Blaze damage may cost over 250,000.

Thursday, 7 December 2017

Blaze damage may cost over 250,000. thumbnail Local businessman and farmer, Adrian Cathers, beside the shells of three of the burnt out vehicles, including two tele-handlers, following the severe fire at his farm at Drumnakilly, near Omagh

An estimated 250,000 plus worth of damage has been caused to farm buildings and machinery on the outskirts of Omagh, following a major fire at the Drumnakilly Supplies Ltd property in the early hours of Sunday.

It lit up the night sky for miles around as four fire appliances and a high volume pumping machine worked to douse the dangerous flames using quantities of water from the nearby Drumnakilly burn.

Indeed, the blazing inferno - understood to have started accidentally - could have been much worse had it not been for the quick-thinking of neighbour, Sean McCrory from Mullaslin, who alerted the property owner, Adrian Cathers, his wife, Joanne, children Grace, Eve and Matthew; his brother Charlie and his family to the danger.

Mr McCrory was running late on his way back home from attending a handball tournament in Limerick with his daughter, Lisa, and her friend, Meghan McCann.

They were coming over the top of Brackey and noticed the smoke so instead of turning up by Drumnakilly bridge to Carrickmore to go home, they decided to investigate and when they realised what it was they alerted Adrian's brother, Charlie, to the situation as his was the first house they met on the laneway in.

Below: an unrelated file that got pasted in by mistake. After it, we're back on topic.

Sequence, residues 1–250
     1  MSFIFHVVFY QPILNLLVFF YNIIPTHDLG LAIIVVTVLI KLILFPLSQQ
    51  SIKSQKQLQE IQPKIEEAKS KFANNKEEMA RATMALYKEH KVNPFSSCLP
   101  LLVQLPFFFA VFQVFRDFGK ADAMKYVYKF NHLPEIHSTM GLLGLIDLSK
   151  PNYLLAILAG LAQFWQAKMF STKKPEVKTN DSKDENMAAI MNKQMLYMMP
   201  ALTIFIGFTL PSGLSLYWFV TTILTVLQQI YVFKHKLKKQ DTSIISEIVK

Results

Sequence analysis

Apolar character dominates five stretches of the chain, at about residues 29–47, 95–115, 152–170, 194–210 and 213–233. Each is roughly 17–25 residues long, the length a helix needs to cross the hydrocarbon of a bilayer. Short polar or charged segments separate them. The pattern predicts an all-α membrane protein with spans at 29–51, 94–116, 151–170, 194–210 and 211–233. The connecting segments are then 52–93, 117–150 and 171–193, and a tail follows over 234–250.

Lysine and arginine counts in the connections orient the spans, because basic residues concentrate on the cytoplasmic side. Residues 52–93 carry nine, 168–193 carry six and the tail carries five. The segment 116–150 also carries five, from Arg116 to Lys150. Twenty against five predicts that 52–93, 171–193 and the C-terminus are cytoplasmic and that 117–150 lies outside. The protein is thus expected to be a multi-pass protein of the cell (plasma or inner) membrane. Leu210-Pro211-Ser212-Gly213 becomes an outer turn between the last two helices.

The heat and flying sparks threatened both Charlie and Adrian's homes for a time, but fortunately as the wind was blowing in the other direction, the fire services were able to control the fire to the shed areas.

But while all stock was saved, major damage was caused to farm buildings and equipment including three telehandlers (forklifts) and a JCB Workmax which were completely destroyed.

Mr Cather's farm supplies company has been operating for over 10 years providing outstanding value and service to the agriculture sector. It services the whole of Ireland with many exclusive products and offers haulage, taking full and part loads to UK and Ireland with 45ft flatbed trailers and 45ft step frame trailers.